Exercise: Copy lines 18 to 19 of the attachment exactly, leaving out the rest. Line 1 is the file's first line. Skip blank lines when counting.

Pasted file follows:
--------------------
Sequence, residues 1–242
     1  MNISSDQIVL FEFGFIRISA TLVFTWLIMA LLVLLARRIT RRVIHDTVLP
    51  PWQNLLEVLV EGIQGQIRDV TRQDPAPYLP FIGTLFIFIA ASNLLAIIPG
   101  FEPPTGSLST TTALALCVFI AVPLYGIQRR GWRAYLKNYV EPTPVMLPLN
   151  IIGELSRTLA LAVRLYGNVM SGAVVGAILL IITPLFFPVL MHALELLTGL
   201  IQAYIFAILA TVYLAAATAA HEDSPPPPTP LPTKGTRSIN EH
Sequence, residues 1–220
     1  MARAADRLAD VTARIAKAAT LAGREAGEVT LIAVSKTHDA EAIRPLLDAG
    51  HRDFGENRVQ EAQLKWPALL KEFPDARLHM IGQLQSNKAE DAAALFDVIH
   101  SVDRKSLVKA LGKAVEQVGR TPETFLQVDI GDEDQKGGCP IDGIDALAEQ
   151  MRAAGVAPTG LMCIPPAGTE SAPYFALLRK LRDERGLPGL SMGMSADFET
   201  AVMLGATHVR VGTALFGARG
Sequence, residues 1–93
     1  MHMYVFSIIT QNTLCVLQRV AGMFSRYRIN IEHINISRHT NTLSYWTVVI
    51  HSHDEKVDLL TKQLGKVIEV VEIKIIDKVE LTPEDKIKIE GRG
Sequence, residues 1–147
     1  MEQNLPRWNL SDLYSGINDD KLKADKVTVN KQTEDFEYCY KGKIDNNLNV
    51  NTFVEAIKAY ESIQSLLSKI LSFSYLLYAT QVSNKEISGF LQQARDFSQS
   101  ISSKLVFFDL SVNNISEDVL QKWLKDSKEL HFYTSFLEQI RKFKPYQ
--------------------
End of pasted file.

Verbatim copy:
    51  NTFVEAIKAY ESIQSLLSKI LSFSYLLYAT QVSNKEISGF LQQARDFSQS
   101  ISSKLVFFDL SVNNISEDVL QKWLKDSKEL HFYTSFLEQI RKFKPYQ